By Jonathan Springston, Assistant Editor, AHC Media

On Nov. 8, voters in San Francisco, Oakland, Albany, CA, and Boulder, CO, signed off on measures that will impose taxes on sugary drinks (one cent per ounce in the three California cities, two cents per ounce in Boulder). The idea is to reduce consumption, ease a variety of health maladies, and eventually save millions of dollars in healthcare costs. But does such a strategy work?

Researchers from Harvard recently applied a national, peer-reviewed computer model to California's Bay Area. The researchers wrote that a one-cent-per-ounce tax could lead to a 16.3% increase in the price of sodas, which could steer some consumers toward healthier beverage choices. In turn, researchers estimated the rate of diabetes could drop 4% after a few years, with 6,000 fewer cases of obesity by 2025. In sum, researchers believe the three combined Bay Area initiatives could raise more than $22 million a year, which officials could invest into programs designed to improve children’s health and prevent diseases associated with high sugar intake.

This research may prove prophetic, considering nearby Berkeley, CA, instituted its own soda tax in early 2015, with initial data showing a 21% reduction in soda consumption in low-income communities. Further south, in Mexico, sugary beverage consumption declined by 12% at the end of 2014 after the nation adopted a 10% excise tax on the sale of sugary drinks earlier that year. If this trend holds, investigators predict that over the next decade, the tax could prevent more than 189,000 new cases of type 2 diabetes, more than 20,000 strokes and heart attacks, and almost 19,000 deaths among adults 35-94 years of age.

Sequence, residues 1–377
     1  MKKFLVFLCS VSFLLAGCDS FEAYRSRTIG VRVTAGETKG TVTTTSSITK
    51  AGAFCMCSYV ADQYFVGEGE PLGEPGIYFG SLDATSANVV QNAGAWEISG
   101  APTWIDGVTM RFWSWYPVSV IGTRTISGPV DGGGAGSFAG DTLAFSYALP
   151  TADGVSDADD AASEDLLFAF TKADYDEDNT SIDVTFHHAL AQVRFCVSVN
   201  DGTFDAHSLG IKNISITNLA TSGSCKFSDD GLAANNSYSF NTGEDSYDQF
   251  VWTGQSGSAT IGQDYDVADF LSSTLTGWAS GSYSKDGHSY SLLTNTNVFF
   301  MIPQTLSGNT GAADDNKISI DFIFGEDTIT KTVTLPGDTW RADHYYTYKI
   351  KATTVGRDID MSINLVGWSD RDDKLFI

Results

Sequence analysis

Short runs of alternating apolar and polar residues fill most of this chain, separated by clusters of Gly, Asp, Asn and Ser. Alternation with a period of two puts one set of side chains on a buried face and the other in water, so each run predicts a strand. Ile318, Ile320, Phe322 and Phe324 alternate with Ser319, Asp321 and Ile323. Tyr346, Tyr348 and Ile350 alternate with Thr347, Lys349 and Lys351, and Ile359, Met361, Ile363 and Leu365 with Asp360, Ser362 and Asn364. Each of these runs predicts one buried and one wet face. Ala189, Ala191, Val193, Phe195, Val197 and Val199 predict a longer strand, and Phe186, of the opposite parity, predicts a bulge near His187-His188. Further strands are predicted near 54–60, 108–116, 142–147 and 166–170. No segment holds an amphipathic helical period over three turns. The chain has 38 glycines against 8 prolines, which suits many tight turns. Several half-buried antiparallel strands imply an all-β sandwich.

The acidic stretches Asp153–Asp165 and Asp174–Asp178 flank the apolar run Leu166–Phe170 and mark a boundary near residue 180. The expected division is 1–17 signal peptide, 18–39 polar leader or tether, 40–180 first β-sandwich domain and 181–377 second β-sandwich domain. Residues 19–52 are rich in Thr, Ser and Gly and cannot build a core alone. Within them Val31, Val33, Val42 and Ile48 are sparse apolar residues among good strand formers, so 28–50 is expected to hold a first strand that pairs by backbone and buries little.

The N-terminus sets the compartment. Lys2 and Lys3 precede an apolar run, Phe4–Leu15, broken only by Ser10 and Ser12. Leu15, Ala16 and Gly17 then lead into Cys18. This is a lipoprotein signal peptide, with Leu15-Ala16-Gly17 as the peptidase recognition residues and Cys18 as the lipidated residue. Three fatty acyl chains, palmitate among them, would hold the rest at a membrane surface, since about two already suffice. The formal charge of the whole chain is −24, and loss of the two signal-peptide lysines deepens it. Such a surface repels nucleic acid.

Earlier this year, newly discovered documents revealed the sugar industry paid scientists to shift the conversation away from connections between sugar and heart disease to the role saturated fat might play. Sugar lobbyists later issued a non-apology apology, saying this is just the latest in the “currently trending anti-sugar narrative.”

The day after the election, American Heart Association CEO Nancy Brown praised the four municipalities "for standing up for what they knew was right for their community.

"From sports drinks to sodas to fruit-flavored drinks, today’s children are drinking their age in these sugary drinks each week," Brown said. "Reducing consumption will improve rates of diabetes, heart disease, and tooth decay."

For more on what science says about nutrition and its effect on health, be sure to read such publications as Clinical Cardiology Alert and Integrative Medicine Alert. And for even more about saturated fat’s decades-long bum rap, check out this interesting analysis published earlier this year in Internal Medicine Alert.